LINGUIST List 11.1383

Thu Jun 22 2000

Sum: Spoken Language Examples at Web Sites

Editor for this issue: Lydia Grebenyova <lydialinguistlist.org>


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  1. Amy L Sheldon, Spoken Language Examples at Web Sites

Message 1: Spoken Language Examples at Web Sites

Date: Wed, 21 Jun 2000 15:42:51 -0500 (CDT)
From: Amy L Sheldon <asheldontc.umn.edu>
Subject: Spoken Language Examples at Web Sites

For Query: Linguist 11.1254

The following are Linguist List replies in response to my
inquiry about live data on dialects, register shifting, code-switching,
etc. which may be at websites and which could be useful for a general
class on Language and Society. There are some suggestions about print data
too. Thanks very much to all who responded. Amy Sheldon

		*
If you're interested in NNS-accented English, there's a great archive
on the web put together by linguistics classes at George Mason
University. It also includes a few NSs (British and Australian at
least).
	http://classweb.gmu.edu/classweb/weinberg/foreignaccent.html
Hartley
		*
	www.rememberingslavery.org
and
	www.cartalk.msn.com
they require quite a bit of 'processing' but you can teach great classes
with the data there. 
Also, British National Corpus
	http://info.ox.ac.uk/bnc/what/index.html
and Childes 
	http://childes.psy.cmu.edu/ 
Ingrid Piller
		*
There is some nice material about reported speech in English at the
following site:
	http://bank.rug.ac.be/dr/week123.html
	http://bank.rug.ac.be/dr/week123.html
You will see transcripts of what politicians actually said, compared with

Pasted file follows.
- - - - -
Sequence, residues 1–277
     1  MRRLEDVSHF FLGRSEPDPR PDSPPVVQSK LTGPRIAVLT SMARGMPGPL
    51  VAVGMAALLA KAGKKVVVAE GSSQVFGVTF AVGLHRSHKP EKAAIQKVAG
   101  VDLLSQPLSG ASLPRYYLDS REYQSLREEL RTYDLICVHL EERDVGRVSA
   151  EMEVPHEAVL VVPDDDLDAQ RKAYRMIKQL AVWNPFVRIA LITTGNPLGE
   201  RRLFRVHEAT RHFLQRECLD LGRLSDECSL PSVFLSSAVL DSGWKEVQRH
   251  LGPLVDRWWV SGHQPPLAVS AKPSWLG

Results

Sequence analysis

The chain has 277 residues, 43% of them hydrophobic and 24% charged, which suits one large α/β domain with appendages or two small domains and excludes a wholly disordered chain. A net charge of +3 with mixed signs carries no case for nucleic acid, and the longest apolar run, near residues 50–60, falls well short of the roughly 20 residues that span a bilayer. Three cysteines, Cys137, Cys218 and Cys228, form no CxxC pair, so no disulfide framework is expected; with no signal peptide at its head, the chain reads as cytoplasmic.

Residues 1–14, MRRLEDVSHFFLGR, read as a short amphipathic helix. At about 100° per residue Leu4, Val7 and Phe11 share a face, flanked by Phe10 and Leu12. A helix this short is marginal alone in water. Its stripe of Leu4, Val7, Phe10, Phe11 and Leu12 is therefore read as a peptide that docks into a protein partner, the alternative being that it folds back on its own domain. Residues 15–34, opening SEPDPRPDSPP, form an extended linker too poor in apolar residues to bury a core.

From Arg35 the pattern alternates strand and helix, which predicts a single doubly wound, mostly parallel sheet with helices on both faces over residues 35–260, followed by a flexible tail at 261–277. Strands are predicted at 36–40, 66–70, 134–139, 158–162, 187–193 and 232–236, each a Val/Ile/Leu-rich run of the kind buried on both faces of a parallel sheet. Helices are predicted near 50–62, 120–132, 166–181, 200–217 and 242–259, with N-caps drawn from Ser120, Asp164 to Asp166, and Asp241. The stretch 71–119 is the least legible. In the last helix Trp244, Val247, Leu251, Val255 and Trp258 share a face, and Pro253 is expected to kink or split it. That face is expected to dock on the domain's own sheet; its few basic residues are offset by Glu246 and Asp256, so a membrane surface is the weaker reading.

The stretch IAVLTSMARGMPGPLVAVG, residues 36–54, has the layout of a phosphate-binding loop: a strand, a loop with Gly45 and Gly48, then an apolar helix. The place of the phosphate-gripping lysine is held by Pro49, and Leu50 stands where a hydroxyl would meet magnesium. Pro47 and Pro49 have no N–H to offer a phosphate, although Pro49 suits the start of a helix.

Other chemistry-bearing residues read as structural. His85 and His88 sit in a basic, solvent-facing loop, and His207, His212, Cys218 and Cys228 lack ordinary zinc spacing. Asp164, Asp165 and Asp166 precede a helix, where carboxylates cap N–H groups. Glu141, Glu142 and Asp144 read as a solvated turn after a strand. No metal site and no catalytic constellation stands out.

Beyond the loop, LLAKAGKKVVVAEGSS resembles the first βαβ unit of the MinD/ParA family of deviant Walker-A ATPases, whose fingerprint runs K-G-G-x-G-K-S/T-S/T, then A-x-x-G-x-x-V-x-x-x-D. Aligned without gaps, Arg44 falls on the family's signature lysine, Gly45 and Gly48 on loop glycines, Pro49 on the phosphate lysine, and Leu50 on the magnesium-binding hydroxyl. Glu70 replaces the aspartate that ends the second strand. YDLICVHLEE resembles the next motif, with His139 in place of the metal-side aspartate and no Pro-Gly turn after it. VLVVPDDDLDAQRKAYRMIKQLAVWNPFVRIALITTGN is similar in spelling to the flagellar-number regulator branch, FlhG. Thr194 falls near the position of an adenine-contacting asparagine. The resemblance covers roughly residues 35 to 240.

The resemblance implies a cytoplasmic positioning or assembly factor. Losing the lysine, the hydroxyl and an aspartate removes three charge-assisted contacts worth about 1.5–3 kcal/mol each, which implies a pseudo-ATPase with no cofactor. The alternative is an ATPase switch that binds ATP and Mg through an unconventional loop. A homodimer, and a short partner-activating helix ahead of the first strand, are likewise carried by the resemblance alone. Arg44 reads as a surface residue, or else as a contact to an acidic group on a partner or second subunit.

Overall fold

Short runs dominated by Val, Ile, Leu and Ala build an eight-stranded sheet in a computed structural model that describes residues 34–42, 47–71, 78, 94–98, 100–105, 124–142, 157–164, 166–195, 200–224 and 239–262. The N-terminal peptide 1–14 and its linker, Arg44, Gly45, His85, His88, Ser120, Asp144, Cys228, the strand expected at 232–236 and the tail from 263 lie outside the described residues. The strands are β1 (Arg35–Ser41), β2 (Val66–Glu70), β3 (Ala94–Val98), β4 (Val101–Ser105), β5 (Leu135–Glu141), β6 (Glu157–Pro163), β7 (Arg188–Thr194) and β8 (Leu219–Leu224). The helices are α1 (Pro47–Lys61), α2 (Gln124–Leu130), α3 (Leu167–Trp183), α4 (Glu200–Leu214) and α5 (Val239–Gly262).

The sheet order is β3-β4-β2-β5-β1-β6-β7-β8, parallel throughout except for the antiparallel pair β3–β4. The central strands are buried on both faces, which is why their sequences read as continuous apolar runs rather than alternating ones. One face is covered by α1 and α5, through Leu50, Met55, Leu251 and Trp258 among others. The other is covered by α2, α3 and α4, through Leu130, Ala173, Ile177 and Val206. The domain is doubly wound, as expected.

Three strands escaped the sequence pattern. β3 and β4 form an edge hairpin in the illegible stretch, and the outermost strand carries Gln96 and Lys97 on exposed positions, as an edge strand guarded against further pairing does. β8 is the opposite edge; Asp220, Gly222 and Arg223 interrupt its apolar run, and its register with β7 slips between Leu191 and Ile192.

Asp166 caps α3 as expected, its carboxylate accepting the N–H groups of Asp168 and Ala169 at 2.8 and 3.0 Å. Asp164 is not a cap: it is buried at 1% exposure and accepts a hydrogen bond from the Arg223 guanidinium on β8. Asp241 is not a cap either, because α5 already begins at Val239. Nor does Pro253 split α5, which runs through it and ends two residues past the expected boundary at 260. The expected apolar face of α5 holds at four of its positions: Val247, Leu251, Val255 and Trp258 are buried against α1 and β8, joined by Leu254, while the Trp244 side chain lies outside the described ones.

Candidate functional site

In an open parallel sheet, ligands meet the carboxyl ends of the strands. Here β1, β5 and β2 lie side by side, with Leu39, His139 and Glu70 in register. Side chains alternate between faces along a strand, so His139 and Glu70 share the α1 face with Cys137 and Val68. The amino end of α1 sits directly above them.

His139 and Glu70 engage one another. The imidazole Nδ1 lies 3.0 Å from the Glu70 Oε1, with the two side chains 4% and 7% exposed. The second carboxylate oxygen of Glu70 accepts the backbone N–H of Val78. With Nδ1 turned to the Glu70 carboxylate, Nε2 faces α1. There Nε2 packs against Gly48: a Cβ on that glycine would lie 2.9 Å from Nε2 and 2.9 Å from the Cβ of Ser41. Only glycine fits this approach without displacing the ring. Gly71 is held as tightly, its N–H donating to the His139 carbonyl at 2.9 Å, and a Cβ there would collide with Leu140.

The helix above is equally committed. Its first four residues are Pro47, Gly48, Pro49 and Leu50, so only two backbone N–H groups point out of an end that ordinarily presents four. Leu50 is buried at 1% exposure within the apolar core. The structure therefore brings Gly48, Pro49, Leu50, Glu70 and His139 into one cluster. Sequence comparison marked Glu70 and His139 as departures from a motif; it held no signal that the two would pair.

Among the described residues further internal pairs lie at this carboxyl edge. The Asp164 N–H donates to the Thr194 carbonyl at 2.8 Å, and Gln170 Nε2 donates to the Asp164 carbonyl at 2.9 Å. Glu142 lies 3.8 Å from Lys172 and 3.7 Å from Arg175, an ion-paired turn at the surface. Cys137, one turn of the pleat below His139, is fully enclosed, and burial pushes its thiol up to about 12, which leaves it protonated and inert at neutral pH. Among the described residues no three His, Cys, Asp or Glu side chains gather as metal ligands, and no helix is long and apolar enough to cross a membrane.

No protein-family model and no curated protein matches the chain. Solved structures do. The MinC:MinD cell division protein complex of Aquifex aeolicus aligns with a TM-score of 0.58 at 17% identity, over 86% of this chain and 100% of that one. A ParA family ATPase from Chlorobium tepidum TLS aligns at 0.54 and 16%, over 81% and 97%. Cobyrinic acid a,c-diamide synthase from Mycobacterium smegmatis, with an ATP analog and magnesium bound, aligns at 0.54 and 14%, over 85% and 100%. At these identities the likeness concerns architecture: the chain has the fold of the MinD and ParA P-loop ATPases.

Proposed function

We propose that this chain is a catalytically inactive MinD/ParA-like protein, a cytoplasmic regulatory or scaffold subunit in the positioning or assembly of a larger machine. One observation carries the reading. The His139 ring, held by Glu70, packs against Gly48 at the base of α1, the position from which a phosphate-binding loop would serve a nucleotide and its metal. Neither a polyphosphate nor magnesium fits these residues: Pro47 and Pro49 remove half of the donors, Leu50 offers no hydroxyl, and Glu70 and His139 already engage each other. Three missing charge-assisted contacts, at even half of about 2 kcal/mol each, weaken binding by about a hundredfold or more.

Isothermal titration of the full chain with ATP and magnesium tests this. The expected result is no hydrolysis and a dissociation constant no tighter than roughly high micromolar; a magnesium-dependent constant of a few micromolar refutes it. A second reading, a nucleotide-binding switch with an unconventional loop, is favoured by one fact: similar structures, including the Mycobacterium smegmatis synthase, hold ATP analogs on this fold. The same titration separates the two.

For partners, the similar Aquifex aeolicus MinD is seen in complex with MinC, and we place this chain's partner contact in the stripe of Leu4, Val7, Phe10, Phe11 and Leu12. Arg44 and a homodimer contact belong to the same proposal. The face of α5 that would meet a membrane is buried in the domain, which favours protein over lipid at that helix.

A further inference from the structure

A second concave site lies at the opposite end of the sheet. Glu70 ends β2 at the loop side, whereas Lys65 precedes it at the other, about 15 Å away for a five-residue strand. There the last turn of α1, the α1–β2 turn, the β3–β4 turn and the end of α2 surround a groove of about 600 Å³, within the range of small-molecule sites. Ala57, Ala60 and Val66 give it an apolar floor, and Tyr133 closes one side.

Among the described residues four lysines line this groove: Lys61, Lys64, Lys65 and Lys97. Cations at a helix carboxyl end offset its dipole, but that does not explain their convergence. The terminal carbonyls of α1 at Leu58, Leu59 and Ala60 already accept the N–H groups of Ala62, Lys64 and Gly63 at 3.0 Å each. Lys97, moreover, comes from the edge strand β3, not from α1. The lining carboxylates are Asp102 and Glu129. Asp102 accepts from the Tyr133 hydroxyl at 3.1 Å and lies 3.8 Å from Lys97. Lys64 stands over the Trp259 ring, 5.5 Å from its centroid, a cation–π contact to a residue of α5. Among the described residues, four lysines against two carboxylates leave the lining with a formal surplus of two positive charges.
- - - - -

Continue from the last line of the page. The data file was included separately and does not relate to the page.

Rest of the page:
the way it was reported in UK newspapers.
Raphael Salkie
		*
	http://www.uni-bonn.de/linguistik/Links.htm	
Here you'll find a topic "Spracvhwissenschaftliche Korpora online".
I guess the UPENN link will help you.
Carsten Otto
		*
We have a site illustrating dialectal variation in Norwegian, at
	http://benoni.hf.ntnu.no/dialektprover/indexe.html
Currently we have 17 recordings of different informants reading the "North
Wind and the Sun" story familiar from the IPA's Handbook. They are not
specifically related to code swithching phenomena. The audio format is
MP3, and each recording has a detailed phonetic.
Kristian Skarbo 
Kristin Melum Eide
		*
It's not spoken but might be of use for your class
	http://www.vicnet.net.au/~petek/thesis 
in relation to code-switching.
There are sections on what happens in immigrant settings to two languages
that come into contact.
Petek Kurtboke
		*
Summary of good films for various dialects. 
	http://linguistlist.org/issues/9/9-1612.html
Anne Barron
		*
Another source for films, etc
	Ch. 4 of _Spoken Soul_ by John Rickford, Rickford
and Smitherman John Wiley (2000)
John Rickford
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